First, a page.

Saints defensive line aims to get healthy

Associated Press photo by Phelan M. EbenhackTampa Bay running back Doug Martin rushes past Saints defensive tackle Akiem Hicks and defensive end Cameron Jordan during Sunday's game. Show caption
Associated Press photo by Phelan M. EbenhackTampa Bay running back Doug Martin rushes past Saints defensive tackle Akiem Hicks and defensive end Cameron Jordan during Sunday's game.

Speaking to a reporter in the visitor’s locker room of Raymond James Stadium in Tampa, Fla., last Sunday, New Orleans Saints defensive end Cameron Jordan sounded annoyed.

He had gotten a sack earlier in the evening that resulted in a Saints takeaway, and his team had just improved its record to 2-0 after beating the Tampa Bay Buccaneers 16-14 on a last-second field goal. But foremost on Jordan’s mind was that his sack was the sole one New Orleans’ defense managed against the Bucs (0-2).

“We have to do better ... with more pressure,” said Jordan, in his third year with the Saints. “We have to get in the backfield.”

The good news for Jordan and his teammates is that a Saints defensive line that recently saw four of its members suffer injuries is getting healthier ahead of its game against the Arizona Cardinals (1-1) at the Mercedes-Benz Superdome on Sunday, and the unit has contributed to two consecutive victories despite the reduced manpower.

Defensive ends Tyrunn Walker — who hurt his knee in the first quarter of the 23-17 win against Atlanta (1-1) in Week 1 — and Glenn Foster, an undrafted rookie who tallied four preseason sacks before tweaking his ankle in the final exhibition, were on the practice field Wednesday. Second-year man Walker practiced in a limited capacity, and Foster stretched, though the team said he did not participate in drills.

Walker, Foster and veteran nose tackle Brodrick Bunkley, who injured his calf in the first quarter against Atlanta and hasn’t returned to practice, sat out the Bucs contest.

Then, in the first quarter against Tampa Bay, third-year end Tom Johnson strained a hamstring, leaving Jordan, rookie nose tackle John Jenkins and second-year end Akiem Hicks as the only players listed as defensive linemen on the roster available to finish out the game.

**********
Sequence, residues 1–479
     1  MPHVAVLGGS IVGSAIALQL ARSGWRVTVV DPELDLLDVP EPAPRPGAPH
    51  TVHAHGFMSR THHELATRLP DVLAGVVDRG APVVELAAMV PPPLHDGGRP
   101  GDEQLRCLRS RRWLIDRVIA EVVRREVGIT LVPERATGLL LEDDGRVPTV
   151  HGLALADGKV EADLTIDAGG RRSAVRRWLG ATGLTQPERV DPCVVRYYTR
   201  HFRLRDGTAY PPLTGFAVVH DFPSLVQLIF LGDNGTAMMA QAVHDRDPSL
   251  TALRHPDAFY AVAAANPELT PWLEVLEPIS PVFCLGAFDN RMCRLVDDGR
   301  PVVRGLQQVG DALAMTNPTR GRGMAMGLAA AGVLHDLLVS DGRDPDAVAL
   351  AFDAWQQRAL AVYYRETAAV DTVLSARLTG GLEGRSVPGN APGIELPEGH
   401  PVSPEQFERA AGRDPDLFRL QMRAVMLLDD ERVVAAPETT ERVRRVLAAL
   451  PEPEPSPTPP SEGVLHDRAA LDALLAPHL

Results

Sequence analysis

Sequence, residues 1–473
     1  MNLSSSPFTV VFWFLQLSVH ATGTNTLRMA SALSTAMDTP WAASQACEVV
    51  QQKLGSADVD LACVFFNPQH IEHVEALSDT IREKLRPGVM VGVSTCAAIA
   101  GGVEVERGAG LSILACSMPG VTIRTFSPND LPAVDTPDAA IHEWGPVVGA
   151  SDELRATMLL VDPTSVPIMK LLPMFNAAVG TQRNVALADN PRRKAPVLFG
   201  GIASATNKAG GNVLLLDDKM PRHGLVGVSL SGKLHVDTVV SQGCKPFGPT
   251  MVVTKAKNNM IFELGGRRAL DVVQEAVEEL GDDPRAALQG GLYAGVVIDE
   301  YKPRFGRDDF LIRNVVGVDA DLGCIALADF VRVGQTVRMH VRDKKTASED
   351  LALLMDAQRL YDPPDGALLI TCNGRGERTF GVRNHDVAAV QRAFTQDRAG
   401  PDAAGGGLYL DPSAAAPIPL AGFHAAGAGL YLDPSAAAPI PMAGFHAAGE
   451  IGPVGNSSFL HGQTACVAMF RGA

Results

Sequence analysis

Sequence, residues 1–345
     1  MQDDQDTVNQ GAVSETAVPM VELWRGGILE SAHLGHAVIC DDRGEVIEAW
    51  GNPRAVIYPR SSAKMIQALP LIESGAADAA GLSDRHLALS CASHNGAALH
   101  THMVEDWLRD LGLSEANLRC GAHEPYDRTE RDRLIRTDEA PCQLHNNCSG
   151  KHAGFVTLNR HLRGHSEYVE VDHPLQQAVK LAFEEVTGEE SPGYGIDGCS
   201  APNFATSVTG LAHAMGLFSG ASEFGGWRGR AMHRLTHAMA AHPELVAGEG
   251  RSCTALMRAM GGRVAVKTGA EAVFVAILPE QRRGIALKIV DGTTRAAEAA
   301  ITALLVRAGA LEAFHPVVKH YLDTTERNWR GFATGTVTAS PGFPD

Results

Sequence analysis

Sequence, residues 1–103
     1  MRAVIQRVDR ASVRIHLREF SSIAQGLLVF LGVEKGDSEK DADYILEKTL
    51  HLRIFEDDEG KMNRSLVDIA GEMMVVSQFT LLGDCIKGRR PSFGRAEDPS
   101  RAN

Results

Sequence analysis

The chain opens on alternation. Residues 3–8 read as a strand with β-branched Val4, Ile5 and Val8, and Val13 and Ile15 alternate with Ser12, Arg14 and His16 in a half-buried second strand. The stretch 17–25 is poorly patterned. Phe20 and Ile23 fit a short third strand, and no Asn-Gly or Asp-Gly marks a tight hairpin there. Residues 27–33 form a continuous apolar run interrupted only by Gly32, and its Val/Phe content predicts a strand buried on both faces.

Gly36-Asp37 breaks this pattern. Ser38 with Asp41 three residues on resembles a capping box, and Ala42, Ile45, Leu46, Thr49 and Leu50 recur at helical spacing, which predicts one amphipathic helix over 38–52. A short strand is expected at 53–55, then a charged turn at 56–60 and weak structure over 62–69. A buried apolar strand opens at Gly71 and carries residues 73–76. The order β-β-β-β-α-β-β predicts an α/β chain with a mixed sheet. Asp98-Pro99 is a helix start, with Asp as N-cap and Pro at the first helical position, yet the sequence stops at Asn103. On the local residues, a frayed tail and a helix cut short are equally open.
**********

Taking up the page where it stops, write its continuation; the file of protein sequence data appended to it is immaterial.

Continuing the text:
The 6-foot-5, 324-pound Hicks had two solo stops in the 53 snaps he played on defense. The 6-foot-3, 359-pound Jenkins had three solo stops in 51 snaps. The 6-foot-4, 287-pound Jordan lined up on all 59 defensive snaps, getting in on five tackles (three solo) and forcing a sack-fumble outside linebacker Junior Galette recovered for New Orleans, which held the Bucs to just 273 yards of offense.

Johnson on Wednesday said Hicks, Jenkins and Jordan kept their composure after losing yet another man to injury because they had prepared themselves to play many more snaps than usual anyway.

“We were already thin, so everybody already knew how the game was going to go,” said Johnson, who didn’t practice Wednesday and might miss a few weeks of action. “We already had it planned that everybody had to know how to play everybody else’s position to a certain extent.”

Coach Sean Payton on Wednesday said that the cooler temperatures brought on by a rainstorm aided the depleted defensive line’s cause against Tampa Bay. The Bucs also ran fewer than 60 plays on offense, and the Saints were able to mask their scant numbers on the defensive line with “enough packages and flexibility that allow ... different personnel on the field,” Payton added.

“Those guys battled,” Payton said about Hicks, Jenkins and Jordan. “I thought they handled it well.

“Fortunately, we’re getting some guys healthy, too.”

The performance against the Bucs followed an outing against the Falcons in which Hicks had three solo tackles and one of the Saints’ three sacks on quarterback Matt Ryan.

Jordan — who’s generated more quarterback pressure than any other defensive end playing in a 3-4 scheme so far this season, according to the NFL analysis website Pro Football Focus — assisted on three tackles and landed a hit on Ryan. Jenkins had a tackle and chipped in on another stop.

“We just go out there like a band of brothers, and we have to have each other’s backs at the end of the day,” Jenkins said in response to a question about the extra work he, Hicks and Jordan have been tasked with. “For us, this is the moment we trained for.”

Count Cardinals coach Bruce Arians as an admirer of New Orleans’ young defensive line, whom he’ll be trying to keep away from his quarterback, Carson Palmer.

“They’re fast, they’re big, they’re powerful,” Arians said Wednesday. “They’re very well-coached, and ... they have great instincts.”

They may soon have Walker and Foster back as well.